Q&A / Tech

Ask Away! with Jeff Smith: How to Increase Compression on the Cheap

Is there a cheap way to increase compression on my small block Chevy? I have a 350 small block with iron heads. I don’t know much about the engine because it came in the car. The previous owner said it was rebuilt and has a cam but he couldn’t remember the specs. The other parts are an Edelbrock Performer intake, a 600 cfm Holley carb, and cast iron exhaust manifolds. The engine runs fine on the cheap 87-octane stuff and doesn’t ping at all. I’m thinking a little extra compression wouldn’t’ hurt but I can’t afford a set of aluminum heads. What do you think? Thanks

J.H.

Jeff Smith: Raising the compression ratio is an excellent idea for several reasons. Assuming that the added compression is not excessive, adding compression is the best way to improve power while also improving efficiency. There’s a reason that all the latest generation LS engines and especially the new gasoline direct injection (GDI) LT1 Corvette engine have higher compression ratios. The LT1 is designed to operate with premium fuel but comes from the factory with a true 11:1 static compression ratio.

Having said that, you can’t run that much compression on a small block Chevy using older, ‘70s vintage iron heads. We won’t get into all the details as to why but suffice to say that those older combustion chambers were not designed to accommodate that kind of compression. Internal combustion engineering has come a long way to achieve these higher static compression ratios and still operate on 91-93 octane fuel.

Since we don’t know much about your 350 small block, we’ll assume it employs the typical flat top, four eyebrow production pistons. With a composition head gasket, the piston 0.020-inch below deck, and a 76cc combustion chamber, and with a composition head gasket this puts the static compression at 8.5:1. This really isn’t bad. The standard Chevy 290-horsepower 350 Chevy crate engine you can buy isn’t even that good. Chevy’s literature states this is an 8:1 compression engine, and that’s what we found when we measured one of these engines a couple of years ago. This engine uses a dished piston with 13 cc’s of volume that reduces the compression.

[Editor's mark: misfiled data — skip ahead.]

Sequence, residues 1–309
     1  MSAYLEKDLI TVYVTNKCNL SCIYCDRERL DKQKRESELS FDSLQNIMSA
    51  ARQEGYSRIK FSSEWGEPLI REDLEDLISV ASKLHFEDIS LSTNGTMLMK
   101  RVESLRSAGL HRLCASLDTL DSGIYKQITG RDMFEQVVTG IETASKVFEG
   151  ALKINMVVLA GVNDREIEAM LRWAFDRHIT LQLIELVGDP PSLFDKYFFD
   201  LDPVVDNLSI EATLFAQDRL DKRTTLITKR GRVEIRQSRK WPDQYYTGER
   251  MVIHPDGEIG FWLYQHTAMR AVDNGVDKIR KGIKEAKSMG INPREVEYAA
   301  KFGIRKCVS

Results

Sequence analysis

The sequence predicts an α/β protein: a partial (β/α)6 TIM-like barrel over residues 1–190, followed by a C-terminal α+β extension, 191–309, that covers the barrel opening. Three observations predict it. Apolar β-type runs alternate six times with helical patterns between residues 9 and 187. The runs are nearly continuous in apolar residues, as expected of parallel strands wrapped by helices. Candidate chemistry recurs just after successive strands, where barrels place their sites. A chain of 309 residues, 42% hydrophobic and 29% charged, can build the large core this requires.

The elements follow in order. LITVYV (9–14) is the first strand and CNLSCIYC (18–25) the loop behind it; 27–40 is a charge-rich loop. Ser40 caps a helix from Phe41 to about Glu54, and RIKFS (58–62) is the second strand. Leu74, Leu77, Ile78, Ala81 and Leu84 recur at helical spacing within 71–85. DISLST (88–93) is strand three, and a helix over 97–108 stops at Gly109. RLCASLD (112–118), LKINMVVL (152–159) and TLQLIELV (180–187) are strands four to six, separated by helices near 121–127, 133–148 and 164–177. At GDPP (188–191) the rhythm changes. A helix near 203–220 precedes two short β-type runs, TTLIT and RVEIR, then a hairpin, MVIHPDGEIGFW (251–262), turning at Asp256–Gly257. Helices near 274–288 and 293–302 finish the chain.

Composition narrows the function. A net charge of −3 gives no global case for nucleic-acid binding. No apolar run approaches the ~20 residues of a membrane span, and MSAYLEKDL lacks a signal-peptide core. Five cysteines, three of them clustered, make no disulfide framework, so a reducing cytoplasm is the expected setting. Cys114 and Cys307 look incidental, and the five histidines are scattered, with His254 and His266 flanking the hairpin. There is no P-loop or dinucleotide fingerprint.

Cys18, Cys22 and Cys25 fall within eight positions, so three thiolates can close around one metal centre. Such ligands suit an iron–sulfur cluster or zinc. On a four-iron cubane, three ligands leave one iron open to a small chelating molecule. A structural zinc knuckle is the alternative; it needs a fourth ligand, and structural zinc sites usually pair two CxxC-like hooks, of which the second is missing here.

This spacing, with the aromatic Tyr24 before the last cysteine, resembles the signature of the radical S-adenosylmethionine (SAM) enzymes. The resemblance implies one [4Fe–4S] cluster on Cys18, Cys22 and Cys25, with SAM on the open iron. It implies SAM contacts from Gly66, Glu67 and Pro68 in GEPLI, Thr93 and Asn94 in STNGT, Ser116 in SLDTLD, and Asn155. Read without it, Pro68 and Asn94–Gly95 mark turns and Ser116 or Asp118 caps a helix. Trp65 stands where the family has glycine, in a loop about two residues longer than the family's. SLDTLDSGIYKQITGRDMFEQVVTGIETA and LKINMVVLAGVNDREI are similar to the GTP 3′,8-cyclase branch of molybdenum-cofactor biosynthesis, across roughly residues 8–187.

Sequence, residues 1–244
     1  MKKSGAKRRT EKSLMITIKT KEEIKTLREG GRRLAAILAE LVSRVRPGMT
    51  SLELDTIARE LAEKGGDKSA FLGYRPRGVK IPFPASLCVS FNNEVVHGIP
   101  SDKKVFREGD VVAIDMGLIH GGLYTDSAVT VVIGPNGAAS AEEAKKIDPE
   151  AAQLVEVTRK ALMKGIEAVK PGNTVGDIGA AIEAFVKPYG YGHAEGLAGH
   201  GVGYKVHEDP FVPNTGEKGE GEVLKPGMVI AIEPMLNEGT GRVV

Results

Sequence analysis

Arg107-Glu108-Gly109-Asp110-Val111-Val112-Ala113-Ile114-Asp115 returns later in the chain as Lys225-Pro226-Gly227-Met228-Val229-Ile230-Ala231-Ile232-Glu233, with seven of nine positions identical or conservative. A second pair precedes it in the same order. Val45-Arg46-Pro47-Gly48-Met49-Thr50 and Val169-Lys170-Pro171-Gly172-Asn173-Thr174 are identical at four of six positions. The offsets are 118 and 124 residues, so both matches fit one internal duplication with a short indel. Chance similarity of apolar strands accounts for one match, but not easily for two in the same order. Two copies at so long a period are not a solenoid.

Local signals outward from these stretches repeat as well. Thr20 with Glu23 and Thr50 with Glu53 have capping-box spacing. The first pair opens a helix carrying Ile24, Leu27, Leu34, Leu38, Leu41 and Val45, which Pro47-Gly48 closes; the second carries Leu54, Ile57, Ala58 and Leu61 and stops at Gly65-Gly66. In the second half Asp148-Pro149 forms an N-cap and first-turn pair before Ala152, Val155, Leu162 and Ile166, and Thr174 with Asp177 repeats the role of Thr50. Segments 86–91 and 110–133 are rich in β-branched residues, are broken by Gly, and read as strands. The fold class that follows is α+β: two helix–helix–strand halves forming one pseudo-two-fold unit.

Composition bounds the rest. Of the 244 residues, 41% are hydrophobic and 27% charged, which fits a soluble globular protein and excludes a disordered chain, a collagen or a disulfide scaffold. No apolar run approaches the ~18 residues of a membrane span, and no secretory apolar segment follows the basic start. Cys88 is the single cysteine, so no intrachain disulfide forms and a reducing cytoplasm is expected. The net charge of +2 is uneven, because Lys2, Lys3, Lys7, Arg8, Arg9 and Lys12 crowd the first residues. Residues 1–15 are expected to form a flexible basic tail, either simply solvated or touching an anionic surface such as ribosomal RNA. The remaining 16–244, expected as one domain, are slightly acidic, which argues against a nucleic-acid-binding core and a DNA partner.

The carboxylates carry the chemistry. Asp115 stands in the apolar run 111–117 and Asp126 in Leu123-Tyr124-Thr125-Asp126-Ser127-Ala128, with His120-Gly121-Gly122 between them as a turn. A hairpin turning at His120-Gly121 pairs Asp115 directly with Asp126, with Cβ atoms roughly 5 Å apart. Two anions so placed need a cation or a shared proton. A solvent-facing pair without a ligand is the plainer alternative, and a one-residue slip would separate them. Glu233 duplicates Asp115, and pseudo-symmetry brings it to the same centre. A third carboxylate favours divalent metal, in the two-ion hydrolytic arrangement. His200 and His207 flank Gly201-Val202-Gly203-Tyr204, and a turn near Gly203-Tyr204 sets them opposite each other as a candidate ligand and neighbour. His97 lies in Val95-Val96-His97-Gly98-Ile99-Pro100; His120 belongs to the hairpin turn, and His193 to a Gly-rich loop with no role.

One of the dimensions that is not easily changed is the distance from the piston top to the deck. In my compression ratio equation, I assumed the piston is 0.020-inch below the block deck surface, which is excessive, but we can use that to our advantage. If the pistons are closer to the deck (0.005-inch below for example), this improves the compression ratio but also limits the thickness of the head gasket since we are limited to roughly 0.040-inch for piston-to-head clearance. With a 0.020-inch negative deck height, this means we can use a thinner head gasket to improve the compression.

Of course, this means removing the cylinder heads to make this improvement and that’s where many guys don’t want to make the effort. Here’s how it works. We’ll assume that your engine is currently using a composition head gasket. These are quality head gaskets but are generally 0.041-inch thick. Adding the 0.020-inch deck height to the 0.041-inch head gasket creates a distance of 0.061-inch between the top of the piston and the flat portion of the cylinder head. This is called the quench area.

It’s interesting that many enthusiasts tend to overlook the combustion space as a place to improve engine power. The quench area is that flat portion of the piston that matches the flat portion of the combustion chamber on a wedge type cylinder head.

When the piston achieves top dead center (TDC), this creates a very tight clearance between the flat portion of the piston and the flat portion of the head. This area is called the quench space or sometimes called squish–which is a really good descriptor of its purpose. The quench area is designed to squeeze the trapped air and fuel in this area and squish it into the combustion chamber, creating turbulence. The key to quality combustion is to mix the air and fuel – or homogenize it. The quench area helps this process which tends to stabilize the speed of combustion once the spark plug lights.

The tighter you can get this quench area–or the piston-to-head clearance–the better the engine will run. Moving the piston closer to the deck surface also increases the static compression ratio. There is also a limit to piston-to-head clearance. Generally, for a low rpm street engine, you could be safe at 0.040-inch or slightly tighter. High rpm race engines with steel rods will fit into the same clearance but aluminum rod engines must use more clearance (perhaps around 0.050-inch) to accommodate the growth of the aluminum rods.